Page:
Apple CEO Tim Cook has defended the existence of monopolies in business, saying that “a monopoly by itself isn’t bad if it’s not abused.”
Apple CEO Tim Cook has defended the existence of monopolies in business, while also denying that Apple has a monopoly in any sector.
In an interview with Nikkei Asian Review in Tokyo on Wednesday, during which Cook discussed a range of topics including Apple’s treatment of competitors, he said: “A monopoly by itself isn’t bad if it’s not abused.”
“The question for those companies is, do they abuse it? And that is for regulators to decide, not for me to decide.”
Cook insisted Apple itself is not a monopoly – a line he has maintained for the duration of his tenure…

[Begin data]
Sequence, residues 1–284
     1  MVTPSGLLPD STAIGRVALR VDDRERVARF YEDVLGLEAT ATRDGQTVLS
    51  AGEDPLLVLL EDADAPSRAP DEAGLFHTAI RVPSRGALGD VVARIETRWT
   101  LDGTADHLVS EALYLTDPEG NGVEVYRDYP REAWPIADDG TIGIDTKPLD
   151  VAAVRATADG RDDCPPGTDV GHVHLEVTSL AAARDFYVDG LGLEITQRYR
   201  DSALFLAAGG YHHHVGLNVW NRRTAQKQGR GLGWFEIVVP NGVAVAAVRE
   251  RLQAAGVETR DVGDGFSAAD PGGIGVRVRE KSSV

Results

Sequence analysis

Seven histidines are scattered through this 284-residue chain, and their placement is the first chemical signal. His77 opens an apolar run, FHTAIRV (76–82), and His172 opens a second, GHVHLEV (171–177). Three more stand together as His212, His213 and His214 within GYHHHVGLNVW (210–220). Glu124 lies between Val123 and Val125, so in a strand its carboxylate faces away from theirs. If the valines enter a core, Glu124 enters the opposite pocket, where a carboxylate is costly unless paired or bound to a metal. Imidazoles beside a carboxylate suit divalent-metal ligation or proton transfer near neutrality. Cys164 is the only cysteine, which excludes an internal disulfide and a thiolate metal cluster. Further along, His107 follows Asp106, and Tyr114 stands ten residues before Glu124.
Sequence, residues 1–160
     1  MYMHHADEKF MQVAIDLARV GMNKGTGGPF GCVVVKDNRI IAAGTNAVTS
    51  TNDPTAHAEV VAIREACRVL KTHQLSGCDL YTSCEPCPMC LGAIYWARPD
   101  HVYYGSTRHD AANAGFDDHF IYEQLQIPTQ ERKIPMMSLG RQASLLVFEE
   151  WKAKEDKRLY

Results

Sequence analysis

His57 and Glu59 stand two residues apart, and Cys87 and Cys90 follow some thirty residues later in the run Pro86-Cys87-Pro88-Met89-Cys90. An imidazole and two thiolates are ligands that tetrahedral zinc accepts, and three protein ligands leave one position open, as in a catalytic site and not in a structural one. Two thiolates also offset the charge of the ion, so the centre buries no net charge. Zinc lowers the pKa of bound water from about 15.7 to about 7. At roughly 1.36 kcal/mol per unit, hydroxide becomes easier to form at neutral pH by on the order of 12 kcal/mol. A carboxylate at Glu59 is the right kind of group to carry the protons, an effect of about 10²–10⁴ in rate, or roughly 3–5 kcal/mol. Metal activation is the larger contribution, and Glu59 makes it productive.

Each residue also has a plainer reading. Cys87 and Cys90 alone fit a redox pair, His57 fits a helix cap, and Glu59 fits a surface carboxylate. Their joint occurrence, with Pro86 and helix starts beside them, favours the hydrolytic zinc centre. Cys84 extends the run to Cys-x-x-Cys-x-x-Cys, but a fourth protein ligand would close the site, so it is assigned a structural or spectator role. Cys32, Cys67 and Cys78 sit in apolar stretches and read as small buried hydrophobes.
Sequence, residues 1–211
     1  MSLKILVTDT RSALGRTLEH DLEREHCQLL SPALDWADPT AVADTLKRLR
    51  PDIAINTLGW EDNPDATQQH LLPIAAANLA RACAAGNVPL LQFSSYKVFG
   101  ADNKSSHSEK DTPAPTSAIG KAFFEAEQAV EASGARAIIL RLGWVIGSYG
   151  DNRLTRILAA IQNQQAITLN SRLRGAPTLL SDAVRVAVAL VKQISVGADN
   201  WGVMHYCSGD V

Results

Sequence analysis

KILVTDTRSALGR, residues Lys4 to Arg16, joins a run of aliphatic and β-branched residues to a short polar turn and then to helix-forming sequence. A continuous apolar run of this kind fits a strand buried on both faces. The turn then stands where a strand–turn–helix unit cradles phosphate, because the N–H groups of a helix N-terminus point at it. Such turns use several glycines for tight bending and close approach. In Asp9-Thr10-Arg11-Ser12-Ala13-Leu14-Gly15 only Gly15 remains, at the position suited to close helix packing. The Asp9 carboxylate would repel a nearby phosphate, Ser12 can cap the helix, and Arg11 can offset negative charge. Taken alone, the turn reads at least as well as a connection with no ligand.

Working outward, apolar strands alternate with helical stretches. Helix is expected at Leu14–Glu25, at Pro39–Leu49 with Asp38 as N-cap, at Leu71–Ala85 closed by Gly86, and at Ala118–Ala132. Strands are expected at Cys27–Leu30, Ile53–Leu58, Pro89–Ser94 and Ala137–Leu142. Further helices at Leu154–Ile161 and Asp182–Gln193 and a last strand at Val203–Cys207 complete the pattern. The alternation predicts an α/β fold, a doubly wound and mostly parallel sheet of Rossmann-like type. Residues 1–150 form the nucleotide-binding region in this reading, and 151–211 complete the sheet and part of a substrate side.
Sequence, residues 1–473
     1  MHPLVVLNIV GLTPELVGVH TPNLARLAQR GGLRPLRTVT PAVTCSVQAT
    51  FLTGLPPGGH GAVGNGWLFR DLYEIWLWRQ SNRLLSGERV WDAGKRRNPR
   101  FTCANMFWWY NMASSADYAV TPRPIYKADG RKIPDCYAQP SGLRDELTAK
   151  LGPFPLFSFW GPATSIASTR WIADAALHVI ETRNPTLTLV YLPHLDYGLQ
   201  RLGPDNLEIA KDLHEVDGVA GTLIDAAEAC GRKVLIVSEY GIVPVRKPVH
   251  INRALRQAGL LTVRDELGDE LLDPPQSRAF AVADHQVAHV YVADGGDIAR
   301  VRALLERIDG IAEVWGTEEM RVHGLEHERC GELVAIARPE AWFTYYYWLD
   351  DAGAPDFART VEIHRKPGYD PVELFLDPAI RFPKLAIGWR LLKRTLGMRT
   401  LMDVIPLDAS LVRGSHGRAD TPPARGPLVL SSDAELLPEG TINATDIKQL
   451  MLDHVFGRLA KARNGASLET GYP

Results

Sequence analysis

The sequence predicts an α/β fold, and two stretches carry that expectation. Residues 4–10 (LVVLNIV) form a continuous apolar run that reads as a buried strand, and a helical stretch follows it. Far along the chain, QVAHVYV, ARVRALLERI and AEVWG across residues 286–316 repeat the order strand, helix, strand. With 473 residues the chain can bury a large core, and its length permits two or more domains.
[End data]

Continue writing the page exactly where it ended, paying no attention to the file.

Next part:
MacDailyNews Take: Obviously, Cook is right, as that’s the law. Monopoly abuse is what’s to be corrected, not the existence of a monopoly, as we’ve said more times than we can count over many, many years:
Achieving a monopoly is legal. It’s monopoly abuse that is illegal. — MacDailyNews, August 12, 2005
A monopoly… is legal. It’s monopoly abuse that’s illegal. — MacDailyNews, January 3, 2008
Monopolies are legal unless abused. — MacDailyNews, May 10, 2010
Monopolies are legal. Monopoly abuse is not. — MacDailyNews, July 20, 2017
Since Apple does not have a monopoly in any market in which they participate, there is no legal basis for action against Apple Inc.
In the case of Apple, there is no monopoly (which is legal by the way), much less monopoly abuse (which is explicitly impossible given the nonexistence of a monopoly). You cannot abuse a monopoly when you do not have a monopoly to begin with. — MacDailyNews, October 16, 2019